Cannabis comedian and SF native Ngaio Bealum is the toast of Netflix’s new gourmet stoner reality show, Cooking on high.
The incessant introduction of Netflix’s new shows in our lives have filled our evenings and weekends with marijuana consumption, but the streaming service’s new competitive cannabis-themed cooking show has a special San Francisco giggling ingredient.
Cooking on high premiered on Netflix in mid-June, featuring SF native stand-up comedian Ngaio Bealum which serves as the show’s kitchen marijuana sage.
You may have seen Ngaio Bealum – pronounced oon-GUY-oh BEE-lum – before without even knowing it. Although he now lives in Sacramento, his early 2000s hip-hop band Coolest Slackmob jammed on many SF stages with contemporaries like the Marginal Prophets, opening for national acts like Zap Mama at the time.
Bealum was born in San Francisco, and he is a 1985 alum Mission High Class.
“I went to [Archbishop] Riordan first, but they kicked me out,” he says SF Weekly.
The chronically loving comic is one of only two cast members to appear in every single episode of Cooking on high. (The other is host Josh Leyvac, a YouTube star known for his “Annoying My Girlfriend” videos and impersonations of One Direction band members.)
Bealum pops up in every show in three minutes, usually with a great crazy jacket, to describe which popular strains like Girl Scout Cookies, Sour Diesel or OG Kush the chefs will be using. He also provides compelling descriptions of how that strain affects your body and brain, with a little bit of the cultural history of how that variety came to prominence in the national marijuana conversation.
Two competing chefs to the stars—though hardly celebrities in their own right—then fired dishes like drenched fried fish, cheeba chicken-and-waffles, or truffle mac-and-cheese. These cannabis culinary concoctions are served to the comedians or rappers who happen to be the judges on that episode, and viewers watch them eat and declare a winner while riffing on how crazy they are for skunk.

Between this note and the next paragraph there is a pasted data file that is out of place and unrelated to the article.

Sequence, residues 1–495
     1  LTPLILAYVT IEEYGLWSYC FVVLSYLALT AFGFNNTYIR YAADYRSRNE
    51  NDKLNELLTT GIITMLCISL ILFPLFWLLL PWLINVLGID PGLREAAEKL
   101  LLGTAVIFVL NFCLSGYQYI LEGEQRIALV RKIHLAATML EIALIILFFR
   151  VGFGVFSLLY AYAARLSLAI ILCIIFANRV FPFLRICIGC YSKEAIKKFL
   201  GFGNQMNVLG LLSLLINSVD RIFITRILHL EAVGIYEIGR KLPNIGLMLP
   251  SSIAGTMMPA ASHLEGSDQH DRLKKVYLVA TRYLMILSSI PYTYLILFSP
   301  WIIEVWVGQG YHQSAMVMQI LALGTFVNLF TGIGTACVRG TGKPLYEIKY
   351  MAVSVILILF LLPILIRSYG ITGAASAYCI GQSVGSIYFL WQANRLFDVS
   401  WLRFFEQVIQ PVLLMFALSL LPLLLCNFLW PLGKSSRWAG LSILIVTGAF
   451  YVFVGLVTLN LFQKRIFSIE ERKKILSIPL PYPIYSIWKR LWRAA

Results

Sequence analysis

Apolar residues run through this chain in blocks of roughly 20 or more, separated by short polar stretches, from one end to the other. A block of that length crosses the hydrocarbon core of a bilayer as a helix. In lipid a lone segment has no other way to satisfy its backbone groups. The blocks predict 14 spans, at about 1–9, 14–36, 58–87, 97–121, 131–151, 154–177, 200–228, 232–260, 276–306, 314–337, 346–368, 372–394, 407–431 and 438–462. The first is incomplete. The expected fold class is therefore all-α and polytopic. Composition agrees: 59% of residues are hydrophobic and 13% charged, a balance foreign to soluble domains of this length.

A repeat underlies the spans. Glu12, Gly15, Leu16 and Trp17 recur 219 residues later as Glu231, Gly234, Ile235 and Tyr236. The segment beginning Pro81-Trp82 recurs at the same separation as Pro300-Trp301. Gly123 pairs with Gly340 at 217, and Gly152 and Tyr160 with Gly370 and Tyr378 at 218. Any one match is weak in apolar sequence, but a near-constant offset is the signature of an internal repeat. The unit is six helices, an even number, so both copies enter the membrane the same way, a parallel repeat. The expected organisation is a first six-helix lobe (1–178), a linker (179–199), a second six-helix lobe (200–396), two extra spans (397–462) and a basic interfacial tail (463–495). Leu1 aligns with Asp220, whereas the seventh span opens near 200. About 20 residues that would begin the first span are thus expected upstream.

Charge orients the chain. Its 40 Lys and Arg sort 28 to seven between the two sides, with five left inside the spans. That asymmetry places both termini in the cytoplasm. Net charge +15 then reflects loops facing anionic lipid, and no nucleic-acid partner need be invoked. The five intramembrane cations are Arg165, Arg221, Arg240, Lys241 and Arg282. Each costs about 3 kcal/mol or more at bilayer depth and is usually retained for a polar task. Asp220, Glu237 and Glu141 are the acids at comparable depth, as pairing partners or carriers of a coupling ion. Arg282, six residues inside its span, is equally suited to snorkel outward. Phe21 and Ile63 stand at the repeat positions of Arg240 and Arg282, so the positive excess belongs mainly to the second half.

Cooking on high episodes are all bite-sized, at just 15 minutes each, and you can easily watch the entire 12-episode season at once.
“It’s very easy to do, it’s only three hours,” says Bealum. “It’s not like Game of Thrones. You don’t have to memorize too many characters.”
The marijuana expert role is the perfect hybrid of Bealum’s 20 years of experience as both a comedian and an advanced everyday stoner.
“I’m lucky to be at the moment when people are looking for informational and entertaining things about the cannabis plant,” he says.
Bealum’s schtick stands out as a particularly funny element of the show, even if he is the “serious” among a panel of comedians. When a surfer strip tells a story about airport security harassing him during a trip in Amsterdam, Bealum jokes, “It’s good to see white people being profiled.”
Elsewhere, Bealum occasionally conducts Celebrity Weed Tour with San Francisco’s Emerald Farm Tours, host of the Rolling with Ngaio podcast on CannabisRadio.com, and strongly encourages people to watch his Netflix show so it can be picked up for a second season.
“Everyone Should Watch” Cooking on high at least three times, four times. Try to memorize it,” says Bealum.
Early reviews have panned the cooking show, and the IMDb user rating is only 4.7 out of 10. But critics have singled out Bealum’s banter as the main reason to watch, with Eater writing that he “steals the show”.
“My Instagram has been blown up since the show came out. I’ve added about 15,000 followers in the last five days,” Bealum told SF Weekly, exactly five days after the show’s release.
Cooking on high could become a bigger hit if the show decides to give viewers more Ngaio Bealum. His eccentric charm certainly doesn’t come straight from the central casting, and he doesn’t have to work as hard as other cast members to channel the witty pothead persona. If Netflix picks up this show for another season, we hope it gets spiced up with more of Bealum’s hijinks.